that circle. but i think as his term went on he was reading about franklin roosevelt, teld di roosevelt. i think there's a sense when the problems change the president that you look back to changes as well. otherwise, we historians would be useful if we didn't help other know what i mean the future. >> one example of this in history is that lincoln at the beginning of his presidency idolized george washington, thought a lot about him, but as the problems got more difficult, as he became in certain ways more radical he was much more interested in people like thomas jefferson. there is that evolution. >> so is there a concern that this president expressed when you had that intimate dinner about looking at history and where other presidents went wrong? >> i think most presidents know that in this off the record dinner. we won't go into a sort of a transcript, but i think you can see very much in terms of what he says in public and what he does that this is someone who, for instance, if you talk about lyndon johnson and the war in vietnam he not only know what is people are talking about but t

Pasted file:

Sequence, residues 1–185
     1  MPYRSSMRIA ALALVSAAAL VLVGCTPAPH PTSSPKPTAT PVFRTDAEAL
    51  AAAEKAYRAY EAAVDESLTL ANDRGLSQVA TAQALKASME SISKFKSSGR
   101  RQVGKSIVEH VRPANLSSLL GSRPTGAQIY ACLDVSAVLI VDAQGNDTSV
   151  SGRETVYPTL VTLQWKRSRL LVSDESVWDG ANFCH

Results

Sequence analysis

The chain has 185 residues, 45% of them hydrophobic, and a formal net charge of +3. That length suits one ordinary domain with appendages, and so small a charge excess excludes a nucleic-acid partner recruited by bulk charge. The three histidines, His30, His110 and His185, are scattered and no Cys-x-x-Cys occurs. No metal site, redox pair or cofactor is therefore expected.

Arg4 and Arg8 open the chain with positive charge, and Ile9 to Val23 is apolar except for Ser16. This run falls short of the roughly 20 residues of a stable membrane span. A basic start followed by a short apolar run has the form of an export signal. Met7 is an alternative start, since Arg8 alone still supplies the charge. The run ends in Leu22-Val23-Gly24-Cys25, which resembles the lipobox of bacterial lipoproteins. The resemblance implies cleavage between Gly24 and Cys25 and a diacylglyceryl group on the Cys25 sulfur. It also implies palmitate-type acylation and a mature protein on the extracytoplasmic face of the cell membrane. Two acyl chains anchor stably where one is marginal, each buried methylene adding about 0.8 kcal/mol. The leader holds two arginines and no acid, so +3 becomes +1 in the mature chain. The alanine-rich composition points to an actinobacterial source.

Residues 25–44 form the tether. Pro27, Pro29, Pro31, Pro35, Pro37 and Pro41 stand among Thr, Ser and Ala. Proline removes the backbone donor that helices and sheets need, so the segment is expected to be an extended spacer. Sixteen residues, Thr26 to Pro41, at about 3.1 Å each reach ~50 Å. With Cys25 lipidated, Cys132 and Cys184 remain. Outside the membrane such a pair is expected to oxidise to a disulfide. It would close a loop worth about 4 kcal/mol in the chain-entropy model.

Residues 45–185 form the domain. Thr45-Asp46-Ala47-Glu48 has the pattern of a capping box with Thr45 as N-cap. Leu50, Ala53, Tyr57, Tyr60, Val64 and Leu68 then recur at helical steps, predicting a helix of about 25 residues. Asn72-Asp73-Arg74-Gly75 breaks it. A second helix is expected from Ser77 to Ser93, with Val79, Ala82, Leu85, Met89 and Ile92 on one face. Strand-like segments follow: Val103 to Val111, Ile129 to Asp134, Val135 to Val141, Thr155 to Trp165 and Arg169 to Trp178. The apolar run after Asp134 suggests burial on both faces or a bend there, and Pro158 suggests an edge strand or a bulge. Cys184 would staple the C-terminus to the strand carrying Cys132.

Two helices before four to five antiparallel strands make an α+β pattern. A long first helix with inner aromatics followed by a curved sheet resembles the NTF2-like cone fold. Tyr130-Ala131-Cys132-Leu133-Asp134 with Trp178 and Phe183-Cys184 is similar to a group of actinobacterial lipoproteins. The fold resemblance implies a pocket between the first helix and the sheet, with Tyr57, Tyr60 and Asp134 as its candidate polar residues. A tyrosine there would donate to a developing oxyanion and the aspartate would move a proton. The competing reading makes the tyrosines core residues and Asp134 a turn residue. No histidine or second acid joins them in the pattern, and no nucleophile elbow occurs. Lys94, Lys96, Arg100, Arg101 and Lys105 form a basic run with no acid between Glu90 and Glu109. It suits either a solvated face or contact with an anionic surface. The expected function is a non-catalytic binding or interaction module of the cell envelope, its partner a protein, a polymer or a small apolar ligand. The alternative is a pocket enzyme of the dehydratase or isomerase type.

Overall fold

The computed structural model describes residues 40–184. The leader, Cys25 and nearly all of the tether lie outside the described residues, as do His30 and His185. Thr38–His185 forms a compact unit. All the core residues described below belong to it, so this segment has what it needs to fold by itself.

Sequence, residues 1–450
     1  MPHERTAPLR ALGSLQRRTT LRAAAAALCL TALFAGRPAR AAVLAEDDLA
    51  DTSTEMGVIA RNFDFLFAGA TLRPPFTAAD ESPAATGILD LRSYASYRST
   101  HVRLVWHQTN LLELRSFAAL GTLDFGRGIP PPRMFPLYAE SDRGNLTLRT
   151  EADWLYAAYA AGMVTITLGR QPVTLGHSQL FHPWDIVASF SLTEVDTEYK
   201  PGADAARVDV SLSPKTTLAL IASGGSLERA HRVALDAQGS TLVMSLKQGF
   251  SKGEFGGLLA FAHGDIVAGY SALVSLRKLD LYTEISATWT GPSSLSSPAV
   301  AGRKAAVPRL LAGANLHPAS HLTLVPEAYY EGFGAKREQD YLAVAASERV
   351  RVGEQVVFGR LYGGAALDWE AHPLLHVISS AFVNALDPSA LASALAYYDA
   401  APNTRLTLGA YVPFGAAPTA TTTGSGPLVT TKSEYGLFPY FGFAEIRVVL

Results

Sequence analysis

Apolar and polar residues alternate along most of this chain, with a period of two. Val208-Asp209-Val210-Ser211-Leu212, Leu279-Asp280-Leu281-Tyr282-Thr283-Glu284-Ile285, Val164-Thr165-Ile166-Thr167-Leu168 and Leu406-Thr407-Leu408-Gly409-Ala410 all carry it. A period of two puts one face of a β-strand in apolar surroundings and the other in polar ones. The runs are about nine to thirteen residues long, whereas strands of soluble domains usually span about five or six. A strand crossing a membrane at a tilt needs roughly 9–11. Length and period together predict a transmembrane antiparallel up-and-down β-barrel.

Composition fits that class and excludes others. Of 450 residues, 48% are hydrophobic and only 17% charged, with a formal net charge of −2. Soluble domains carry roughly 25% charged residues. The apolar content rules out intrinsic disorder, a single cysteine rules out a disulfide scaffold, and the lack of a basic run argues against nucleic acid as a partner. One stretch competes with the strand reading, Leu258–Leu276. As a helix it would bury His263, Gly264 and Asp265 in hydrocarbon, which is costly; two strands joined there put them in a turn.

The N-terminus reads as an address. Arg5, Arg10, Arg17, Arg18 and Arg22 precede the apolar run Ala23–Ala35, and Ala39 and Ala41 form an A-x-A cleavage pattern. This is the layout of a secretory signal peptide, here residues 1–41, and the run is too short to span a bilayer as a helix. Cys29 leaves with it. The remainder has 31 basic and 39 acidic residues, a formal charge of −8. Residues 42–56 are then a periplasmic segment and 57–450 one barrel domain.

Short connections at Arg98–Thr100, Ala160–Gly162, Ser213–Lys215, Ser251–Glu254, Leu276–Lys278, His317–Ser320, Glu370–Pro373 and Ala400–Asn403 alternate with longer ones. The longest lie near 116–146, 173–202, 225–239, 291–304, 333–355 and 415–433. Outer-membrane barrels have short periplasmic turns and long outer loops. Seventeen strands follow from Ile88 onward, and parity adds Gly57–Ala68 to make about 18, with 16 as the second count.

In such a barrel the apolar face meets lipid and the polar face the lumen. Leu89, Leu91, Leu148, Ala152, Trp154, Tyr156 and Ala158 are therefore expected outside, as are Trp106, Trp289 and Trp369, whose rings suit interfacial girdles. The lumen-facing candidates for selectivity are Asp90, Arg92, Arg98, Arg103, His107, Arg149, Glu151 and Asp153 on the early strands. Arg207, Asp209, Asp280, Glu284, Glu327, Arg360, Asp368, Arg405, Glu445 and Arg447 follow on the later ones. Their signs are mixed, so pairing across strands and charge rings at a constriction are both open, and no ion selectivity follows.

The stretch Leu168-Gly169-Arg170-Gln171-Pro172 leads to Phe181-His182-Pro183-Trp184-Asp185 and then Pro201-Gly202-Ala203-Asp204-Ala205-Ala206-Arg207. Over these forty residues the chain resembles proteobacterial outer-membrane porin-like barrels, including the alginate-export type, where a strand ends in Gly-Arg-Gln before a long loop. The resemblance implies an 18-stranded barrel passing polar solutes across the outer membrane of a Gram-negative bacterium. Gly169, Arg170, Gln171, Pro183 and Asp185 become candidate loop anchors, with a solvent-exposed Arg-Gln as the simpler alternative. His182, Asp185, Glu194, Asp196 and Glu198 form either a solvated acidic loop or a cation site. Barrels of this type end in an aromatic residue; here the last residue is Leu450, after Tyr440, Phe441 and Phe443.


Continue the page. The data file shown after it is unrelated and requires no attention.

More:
him for the record of franklin d. roosevelt. a second swearing in was necessary in 2009 if you were roberts flooded the first one and yesterday he read carefully from a card and luckily there were no mistakes. and during our 5 and 6:00 newscast, this evening, and of course cbs news will provide live coverage of today's inauguration festivities, beginning at 7 this morning right here on cbs5 and will run until one in the afternoon. our noon newscast will be preempted because of the live coverage. >>> a freedom train departs from san jose to the birthday of mar -- martin luther king, they have organized the train ride from san jose, and meant commemorate the length of the walk from selma to montgomery. and here's the schedule, organizers urge people to get to the station by 8:30 since long lines are likely. the train will make stops in sunnyvale, palo alto. before arriving in san francisco at 10:55: round trip tickets are $10 for riders of all age as. >>> after it gets to san francisco, there will be a march and parade from the caltrains depot